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What is the meaning of the following sentences:

  1. What answer would that be ? (Is it imagining or asking or what? What's the possible meaning and use of this sentence?)

  2. He is a farmer but it wouldn't mean that he's laborious. (why "wouldn't" has been used here instead of using "doesn't" meaning here?)

While reading through articles in internet i've found those two sentences. But, I can't say where they were exactly.

I would appreciate your answer. Thank you.

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What answer would that be?

The most likely interpretation I can think of for this question is that it is asking somebody to provide context for an answer that they have just mentioned. As in:

Fred: "I have the answer!"

Mary: "What answer would that be?"

Fred: "Oh, I just figured out [something]."

In my example, at first Mary doesn't know what Fred is talking about because he has just blurted out that he has "the answer" without explaining what question it answers, so Mary asks him what answer he is talking about.

(There may be other interpretations. If you could quote the sentences that appeared before that one then perhaps I could help further.)

He is a farmer but it wouldn't mean that he's laborious. (why "wouldn't" has been used here and what's its meaning here?)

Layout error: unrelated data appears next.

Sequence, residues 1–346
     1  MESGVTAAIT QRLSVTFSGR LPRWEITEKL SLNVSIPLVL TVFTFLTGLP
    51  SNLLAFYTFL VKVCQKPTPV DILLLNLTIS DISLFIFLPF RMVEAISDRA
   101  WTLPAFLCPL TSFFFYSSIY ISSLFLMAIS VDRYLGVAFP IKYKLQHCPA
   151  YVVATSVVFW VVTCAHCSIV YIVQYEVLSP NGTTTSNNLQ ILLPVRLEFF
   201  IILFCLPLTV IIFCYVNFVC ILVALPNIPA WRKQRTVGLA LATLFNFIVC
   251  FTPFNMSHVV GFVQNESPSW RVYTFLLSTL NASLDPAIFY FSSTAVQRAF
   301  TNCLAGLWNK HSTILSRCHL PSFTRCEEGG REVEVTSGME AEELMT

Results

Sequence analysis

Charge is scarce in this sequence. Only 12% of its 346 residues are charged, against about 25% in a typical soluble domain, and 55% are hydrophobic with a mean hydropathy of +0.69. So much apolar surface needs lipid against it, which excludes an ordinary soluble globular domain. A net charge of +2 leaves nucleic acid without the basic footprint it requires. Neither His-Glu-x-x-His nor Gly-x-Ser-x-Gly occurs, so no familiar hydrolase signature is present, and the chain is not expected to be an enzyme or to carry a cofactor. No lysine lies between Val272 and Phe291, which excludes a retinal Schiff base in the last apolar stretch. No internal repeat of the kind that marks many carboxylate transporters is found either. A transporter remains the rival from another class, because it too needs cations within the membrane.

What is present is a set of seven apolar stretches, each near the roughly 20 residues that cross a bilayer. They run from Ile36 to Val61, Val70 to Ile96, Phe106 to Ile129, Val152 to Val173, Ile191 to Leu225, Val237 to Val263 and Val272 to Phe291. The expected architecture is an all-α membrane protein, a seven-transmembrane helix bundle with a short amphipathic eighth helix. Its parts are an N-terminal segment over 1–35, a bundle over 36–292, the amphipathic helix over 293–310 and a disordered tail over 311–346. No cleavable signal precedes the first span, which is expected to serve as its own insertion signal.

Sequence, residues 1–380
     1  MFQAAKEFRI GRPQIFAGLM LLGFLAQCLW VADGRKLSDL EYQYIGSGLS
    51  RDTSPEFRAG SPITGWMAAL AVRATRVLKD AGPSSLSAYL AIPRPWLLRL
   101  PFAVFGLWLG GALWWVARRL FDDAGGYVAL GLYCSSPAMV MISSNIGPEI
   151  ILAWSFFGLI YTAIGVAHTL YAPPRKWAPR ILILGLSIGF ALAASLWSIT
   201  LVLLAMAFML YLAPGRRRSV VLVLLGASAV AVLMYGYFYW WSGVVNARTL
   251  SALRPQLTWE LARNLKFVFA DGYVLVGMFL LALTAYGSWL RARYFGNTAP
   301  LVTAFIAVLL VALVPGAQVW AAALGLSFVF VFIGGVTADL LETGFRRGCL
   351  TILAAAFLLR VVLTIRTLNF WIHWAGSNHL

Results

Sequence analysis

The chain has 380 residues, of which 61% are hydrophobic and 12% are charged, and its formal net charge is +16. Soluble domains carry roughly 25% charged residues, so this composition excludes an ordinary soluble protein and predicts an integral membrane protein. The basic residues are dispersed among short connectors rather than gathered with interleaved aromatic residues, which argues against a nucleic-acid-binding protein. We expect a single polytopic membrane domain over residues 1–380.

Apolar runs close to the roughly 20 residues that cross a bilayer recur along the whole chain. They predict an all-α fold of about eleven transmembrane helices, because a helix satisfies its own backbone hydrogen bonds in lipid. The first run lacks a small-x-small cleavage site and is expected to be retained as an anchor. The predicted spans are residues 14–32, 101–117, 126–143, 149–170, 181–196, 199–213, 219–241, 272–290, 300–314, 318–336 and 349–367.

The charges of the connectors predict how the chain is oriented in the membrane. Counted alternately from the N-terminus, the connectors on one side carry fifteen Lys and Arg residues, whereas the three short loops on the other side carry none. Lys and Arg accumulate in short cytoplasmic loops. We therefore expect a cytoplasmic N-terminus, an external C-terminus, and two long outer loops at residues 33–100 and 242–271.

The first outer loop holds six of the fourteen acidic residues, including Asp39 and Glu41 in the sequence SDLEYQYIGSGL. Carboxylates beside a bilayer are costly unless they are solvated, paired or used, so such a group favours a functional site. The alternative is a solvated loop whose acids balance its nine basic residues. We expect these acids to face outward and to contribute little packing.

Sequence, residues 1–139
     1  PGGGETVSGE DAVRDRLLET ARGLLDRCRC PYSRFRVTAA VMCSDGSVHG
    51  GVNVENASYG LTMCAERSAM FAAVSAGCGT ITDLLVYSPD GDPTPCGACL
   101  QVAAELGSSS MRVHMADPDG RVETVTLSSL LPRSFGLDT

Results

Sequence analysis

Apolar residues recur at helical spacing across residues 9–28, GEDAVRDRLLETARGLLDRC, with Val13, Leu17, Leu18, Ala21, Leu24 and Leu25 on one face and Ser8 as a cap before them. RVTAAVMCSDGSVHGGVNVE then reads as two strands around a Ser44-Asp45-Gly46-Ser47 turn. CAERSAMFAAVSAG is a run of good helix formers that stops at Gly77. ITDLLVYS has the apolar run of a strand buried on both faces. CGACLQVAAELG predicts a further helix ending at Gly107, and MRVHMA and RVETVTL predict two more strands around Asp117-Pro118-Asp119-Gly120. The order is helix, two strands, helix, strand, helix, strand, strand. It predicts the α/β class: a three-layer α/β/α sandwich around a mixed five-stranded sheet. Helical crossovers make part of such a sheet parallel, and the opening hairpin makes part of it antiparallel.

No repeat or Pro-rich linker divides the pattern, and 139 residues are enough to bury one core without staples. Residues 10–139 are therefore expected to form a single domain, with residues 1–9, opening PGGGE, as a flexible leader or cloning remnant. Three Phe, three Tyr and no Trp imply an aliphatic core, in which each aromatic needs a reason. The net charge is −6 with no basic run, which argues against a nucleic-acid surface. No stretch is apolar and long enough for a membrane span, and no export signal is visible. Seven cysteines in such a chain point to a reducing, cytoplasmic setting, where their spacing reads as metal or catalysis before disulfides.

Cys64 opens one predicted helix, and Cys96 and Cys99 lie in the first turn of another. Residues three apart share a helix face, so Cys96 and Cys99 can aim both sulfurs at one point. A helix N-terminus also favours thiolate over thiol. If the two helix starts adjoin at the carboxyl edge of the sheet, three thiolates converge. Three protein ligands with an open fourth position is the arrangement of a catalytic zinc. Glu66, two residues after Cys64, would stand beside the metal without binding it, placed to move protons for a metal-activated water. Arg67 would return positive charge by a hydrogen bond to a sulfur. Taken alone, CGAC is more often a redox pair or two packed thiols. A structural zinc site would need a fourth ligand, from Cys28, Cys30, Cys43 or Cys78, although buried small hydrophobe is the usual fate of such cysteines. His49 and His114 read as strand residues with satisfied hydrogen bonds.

When describing a person, laborious means "diligent and hard-working". Farmers are often thought of as being very hard-working, getting up early and spending the day doing physically demanding tasks out in the fields. Your sentence seems to be saying that although "he" is a farmer, that doesn't necessarily mean that he actually does work hard.

It's kind of an odd way to phrase it though. I would use that rather than it and doesn't rather than wouldn't: "He is a farmer, but that doesn't mean that he's laborious."

In general, the form he is X, but that doesn't mean he is Y is saying that although people who are X are often Y too, they don't have to be.

  • is it wrong to use "wouldn't' ? Why wouldn't has been used instead of doesn't ? – yubraj Jun 4 '16 at 2:27
  • Does the first sentence implys the imagination of the speaker about the answer ? – yubraj Jun 4 '16 at 2:30
  • To me the first sentence does not imply that the speaker is imagining anything about the answer, I think it is a straightforward request for clarification about an answer that somebody else has mentioned. In the second sentence, I don't know if it is strictly wrong to use "wouldn't", but it sounds odd to me. I can't say why it was used in this case - perhaps I could make more sense of it if you had quoted the sentences that came before it. That use of "laborious" sounds a little odd to me too - although it's not incorrect it's not the adjective I would choose there. – nnnnnn Jun 4 '16 at 3:41
  • ok,do you mean mary is asking fred "what is the answer ?"or "what that answer of ? " what that Answer of ?" with politely? – yubraj Jun 4 '16 at 5:51
  • In my own example with Fred and Mary, Fred has mentioned that he has the answer when Mary didn't even know there was a question. She didn't know what he was talking about, and "What answer would that be?" was her way of asking what he was talking about. She would expect him to explain both what the question was and what his answer is. – nnnnnn Jun 4 '16 at 6:21

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